And these lies are being exposed anew in a lawsuit filed by the state of Minnesota against a pair of Illinois-based COVID testing companies for allegedly "deceiving consumers."
The suit claims the companies, the Center for COVID Control and Doctors Clinical Laboratory, Inc., “either failed to deliver test results, or delivered test results that were falsified or inaccurate,” according to a news release issued by Ellison’s office Wednesday.
Center for Covid Control is one of the biggest players in the COVID testing space, operating over 300 sites nationwide, according to an NBC News report from Jan. 14, which noted that the company is under federal investigation as well as being probed by attorneys general in several states.
“My job is to fight for Minnesotans’ security and help them live with dignity, safety, and respect. Making sure that Minnesotans have accurate tools to keep them safe from the COVID-19 pandemic is a key part of that job,” Ellison said, according to the statement. “When Minnesotans and people from around the country tested with these companies to keep themselves and their families safe, they trusted they would get correct results on time.
"I’m holding these companies accountable that sent back false or inaccurate results, when they sent them back at all, for deceiving Minnesotans and undermining the public’s trust in testing. I want every Minnesotan to know that I will use every tool at my disposal to keep them safe and hold accountable companies that undermine their safety," he added.
Ellis said his office received "numerous complaints" from Minnesota residents who took COVID tests at pop-up sites around the state that were operated by Center for COVID Control, which went on to report that they never got their test results back from Doctors Clinical Laboratory, which is associated with the company, even after waiting weeks on end. Other residents reported receiving test results much later than the companies advertised, while still others said they got test results from the companies even though they never submitted a test sample.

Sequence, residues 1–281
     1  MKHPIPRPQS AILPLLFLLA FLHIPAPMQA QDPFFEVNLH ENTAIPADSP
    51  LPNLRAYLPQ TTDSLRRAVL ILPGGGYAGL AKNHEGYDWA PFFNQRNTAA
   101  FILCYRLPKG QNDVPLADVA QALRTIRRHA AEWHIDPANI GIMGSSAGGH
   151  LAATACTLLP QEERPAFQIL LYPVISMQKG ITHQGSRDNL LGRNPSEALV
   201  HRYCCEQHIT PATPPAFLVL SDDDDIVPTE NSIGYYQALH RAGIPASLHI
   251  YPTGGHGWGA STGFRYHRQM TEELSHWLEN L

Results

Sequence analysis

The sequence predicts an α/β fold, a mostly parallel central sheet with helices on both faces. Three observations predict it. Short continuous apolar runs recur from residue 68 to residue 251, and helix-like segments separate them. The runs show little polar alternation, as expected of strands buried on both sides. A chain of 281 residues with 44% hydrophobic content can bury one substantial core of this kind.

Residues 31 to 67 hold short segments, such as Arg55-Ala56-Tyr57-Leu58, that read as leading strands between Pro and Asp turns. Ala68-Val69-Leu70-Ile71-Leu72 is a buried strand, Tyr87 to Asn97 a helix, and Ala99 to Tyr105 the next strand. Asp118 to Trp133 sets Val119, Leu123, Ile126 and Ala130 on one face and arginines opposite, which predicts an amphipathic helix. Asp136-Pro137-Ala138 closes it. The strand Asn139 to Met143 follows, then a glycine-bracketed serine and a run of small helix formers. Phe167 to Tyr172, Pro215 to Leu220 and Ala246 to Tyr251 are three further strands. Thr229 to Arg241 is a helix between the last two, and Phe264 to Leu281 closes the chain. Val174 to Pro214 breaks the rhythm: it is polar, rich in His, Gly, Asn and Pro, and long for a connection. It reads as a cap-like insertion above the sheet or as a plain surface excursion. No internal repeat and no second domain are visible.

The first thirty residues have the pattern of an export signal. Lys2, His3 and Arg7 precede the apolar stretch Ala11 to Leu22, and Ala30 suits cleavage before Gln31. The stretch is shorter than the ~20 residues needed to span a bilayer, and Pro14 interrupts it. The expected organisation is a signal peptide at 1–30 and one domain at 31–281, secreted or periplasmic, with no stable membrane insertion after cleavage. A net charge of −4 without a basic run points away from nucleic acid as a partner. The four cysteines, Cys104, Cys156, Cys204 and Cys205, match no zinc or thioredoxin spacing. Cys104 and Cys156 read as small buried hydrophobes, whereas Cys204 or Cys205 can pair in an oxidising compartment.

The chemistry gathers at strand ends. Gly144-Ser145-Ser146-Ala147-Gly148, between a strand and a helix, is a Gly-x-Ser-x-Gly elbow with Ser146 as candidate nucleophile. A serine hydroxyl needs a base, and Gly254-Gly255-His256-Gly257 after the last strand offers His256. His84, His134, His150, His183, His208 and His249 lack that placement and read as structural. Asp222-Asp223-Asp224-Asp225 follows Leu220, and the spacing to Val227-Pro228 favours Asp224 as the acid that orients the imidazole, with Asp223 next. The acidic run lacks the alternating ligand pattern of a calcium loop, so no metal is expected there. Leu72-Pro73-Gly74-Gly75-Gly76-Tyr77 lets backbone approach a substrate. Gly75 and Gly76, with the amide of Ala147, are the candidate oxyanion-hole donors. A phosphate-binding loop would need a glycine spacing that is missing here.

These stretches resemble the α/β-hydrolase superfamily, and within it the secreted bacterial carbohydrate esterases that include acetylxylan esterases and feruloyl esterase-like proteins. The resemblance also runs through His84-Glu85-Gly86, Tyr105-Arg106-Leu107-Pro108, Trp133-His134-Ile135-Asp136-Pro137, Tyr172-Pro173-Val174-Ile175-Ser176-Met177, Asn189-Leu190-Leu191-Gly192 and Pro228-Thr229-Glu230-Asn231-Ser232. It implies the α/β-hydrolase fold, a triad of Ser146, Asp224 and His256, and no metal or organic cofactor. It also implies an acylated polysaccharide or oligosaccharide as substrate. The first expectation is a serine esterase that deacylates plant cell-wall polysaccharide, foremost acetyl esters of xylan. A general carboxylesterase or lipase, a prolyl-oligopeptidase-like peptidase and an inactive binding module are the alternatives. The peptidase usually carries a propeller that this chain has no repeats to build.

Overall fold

Finally, other Minnesotans said they received false or inaccurate results and information from their tests.
The news release also said that former CCC employers noted that while the company at first could handle the load of local tests, the processing center did not expand as the company opened new testing sites around the country, to include Minnesota.
As such, the end result was chaos, as one former employee said, "with received samples being stuffed into trash bags strewn across the office floor," the release said.
"Former employees recounted finding samples in bags that were well over 48 hours old, being instructed by management to falsify dates of receipt, and being instructed to lie to consumers about their tests being inconclusive or negative when, in fact, the sample had not been tested," the release added.
According to NBC News, the company eventually expanded to around 300 testing sites at its peak. But also, the company's founder did not have any prior medical experience.
The company "was founded in Dec. 2020 by Aleya Siyaj, 29, whose previous experience includes starting an axe-throwing lounge and a donut shop, according to state business records and her LinkedIn page," NBC News reported.
Besides Minnesota, authorities in Oregon and Illinois have also opened inquiries into the company, while attorneys general in Massachusetts and Rhode Island have issued cease and desist orders. Also, California and Washington have shuttered a number of testing sites for operating without a license.